Born from pandemic layoffs, Hustle finds a new model for purposeful work

How a nixed campaign for LinkedIn created by a group of freelancers turned into a borderless full-service collective.
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When the pandemic began, Brad Correia and Tito Melega watched a wave of layoffs wash over the ad industry – and wanted to do something about it.

“Pretty much anybody with big experience and salary suddenly found themselves without a gig. Brad and I saw LinkedIn lit up with all of our friends losing their jobs, and some of us as well,” says Melega. “As creatives, we’re trained to solve problems. That’s all we do all day. So when something like this happens, our first reaction is to think about how we can help.”

For CCO Melega and ECD Correia, “this was an easy one.” The question was how they could help their friends find new work and get back on their feet. The answer was what would eventually become their new international freelance creative collective, Hustle.

Hustle began as a project, with Correia – a former CD at GTB Toronto – recruiting 20 creatives from LinkedIn who had just been laid off to develop a campaign to help people get jobs, which was pitched to LinkedIn.

“It was very meta, in a way,” says Melega, GTB’s former global CCO. “[LinkedIn] loved and ran with it to a point, but then eventually it sizzled out when it hit a firewall inside the company.”

Though the project didn’t see the light of day, a seed was planted. “Everybody turned to us and said don’t stop, let’s keep going,” he says. “So we went after the next project, and the next project, and next thing you know a year goes by and here we are with 120 incredibly talented people and very much a full-service agency.”

Hustle’s growth has been driven by recruitment primarily through LinkedIn, and currently boasts a roster of 120 professionals from 24 countries worldwide, who have collectively earned 400 Cannes Lions awards over their careers.

“We took a lot of our time during the last year getting to know people who actually have the same beliefs as ours,” says Correia. “LinkedIn was our main platform. There, we could see who is doing what and for whom, and their amazing work. Watching people on LinkedIn, we could find the right people to join Hustle.”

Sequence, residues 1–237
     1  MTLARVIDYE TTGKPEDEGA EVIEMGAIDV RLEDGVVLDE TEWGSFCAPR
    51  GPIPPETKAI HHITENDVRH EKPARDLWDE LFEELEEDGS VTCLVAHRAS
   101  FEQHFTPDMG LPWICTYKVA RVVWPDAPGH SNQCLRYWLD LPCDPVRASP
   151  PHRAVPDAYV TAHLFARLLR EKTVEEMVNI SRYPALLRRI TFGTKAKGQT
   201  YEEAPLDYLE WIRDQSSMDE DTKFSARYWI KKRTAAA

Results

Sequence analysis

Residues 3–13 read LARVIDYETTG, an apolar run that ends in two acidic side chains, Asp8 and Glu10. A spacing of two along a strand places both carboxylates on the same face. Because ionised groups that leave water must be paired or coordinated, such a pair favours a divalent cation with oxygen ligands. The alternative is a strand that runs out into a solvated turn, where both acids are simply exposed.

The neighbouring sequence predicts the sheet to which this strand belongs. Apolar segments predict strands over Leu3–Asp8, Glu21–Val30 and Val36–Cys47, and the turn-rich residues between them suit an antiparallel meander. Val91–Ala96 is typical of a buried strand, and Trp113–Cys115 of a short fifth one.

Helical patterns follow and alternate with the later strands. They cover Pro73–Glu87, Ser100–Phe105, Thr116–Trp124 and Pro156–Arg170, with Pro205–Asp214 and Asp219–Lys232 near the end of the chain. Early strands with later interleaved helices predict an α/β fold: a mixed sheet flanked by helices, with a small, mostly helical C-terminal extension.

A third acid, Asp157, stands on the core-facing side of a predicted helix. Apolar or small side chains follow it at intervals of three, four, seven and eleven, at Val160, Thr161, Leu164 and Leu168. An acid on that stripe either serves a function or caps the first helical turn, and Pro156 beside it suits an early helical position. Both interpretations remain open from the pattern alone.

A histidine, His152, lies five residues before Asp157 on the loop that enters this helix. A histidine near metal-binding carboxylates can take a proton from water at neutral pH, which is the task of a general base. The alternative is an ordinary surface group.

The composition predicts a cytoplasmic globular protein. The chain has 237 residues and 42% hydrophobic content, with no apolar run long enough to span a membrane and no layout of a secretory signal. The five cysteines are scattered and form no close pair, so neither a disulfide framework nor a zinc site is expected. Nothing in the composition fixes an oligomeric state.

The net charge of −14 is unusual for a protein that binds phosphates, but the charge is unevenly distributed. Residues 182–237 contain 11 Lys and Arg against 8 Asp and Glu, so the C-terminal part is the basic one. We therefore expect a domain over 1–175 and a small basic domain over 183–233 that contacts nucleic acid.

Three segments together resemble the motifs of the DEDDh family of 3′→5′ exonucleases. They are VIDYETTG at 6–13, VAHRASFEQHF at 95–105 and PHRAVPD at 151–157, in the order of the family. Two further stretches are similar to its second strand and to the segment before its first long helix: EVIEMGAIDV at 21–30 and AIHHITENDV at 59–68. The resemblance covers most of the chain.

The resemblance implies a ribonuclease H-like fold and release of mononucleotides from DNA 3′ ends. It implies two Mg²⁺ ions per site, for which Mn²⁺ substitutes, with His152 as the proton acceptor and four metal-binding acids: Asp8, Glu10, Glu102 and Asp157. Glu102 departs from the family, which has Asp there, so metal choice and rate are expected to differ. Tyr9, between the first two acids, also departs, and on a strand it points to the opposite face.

Hustle’s core philosophy, which it calls “actvertising,” is to emphasize “action and not ads,” explains Melega. Rather than simply talk about doing good, Hustle urges its clients to actually do good – and then talk about the good that they are doing.

“We’re really good at making ads. We made our careers in ads. But I think they serve a different purpose, now – to amplify the message of what a brand is doing to make the world a better place,” he adds.

As part of its purpose-driven mantra, the network has forged partnerships to support underrepresented talent in the industry, including with Concreates, an organization that supports formerly incarcerated creatives; Raising Two-Fifths, which supports mothers in the advertising industry; and African nonprofit “The Blackboard,” which pairs students with Hustle talent to learn how to do the job, on the job.

Another key part of Hustle’s philosophy is that it pairs clients with professionals whose values and passions align with theirs, Correia says. By doing so, it aims to produce work that delivers in a better way for the client, more efficiently. On its site, talent is also organized into different “networks” based on skill sets (such as creative data, strategy and video) or their connection with different communities (such as Black or LGBTQ people).

Hustle “wanted to become a big network,” Correia says, so it sought new talent “from every part of other continents.”

But it also wanted to avoid some of the challenges large networks face.

“We see networks struggling to be fast. There’s so many layers and so many people to approve ideas and it’s very vertical. Our structure is very horizontal,” says Correia, something that also allows it to bring talent in from outside when they are needed.

“The reason why it’s a freelance collective is because if we don’t have it, we can go and get it,” Melega says. “We can go and find people who work for a different agency – or just find a different agency.”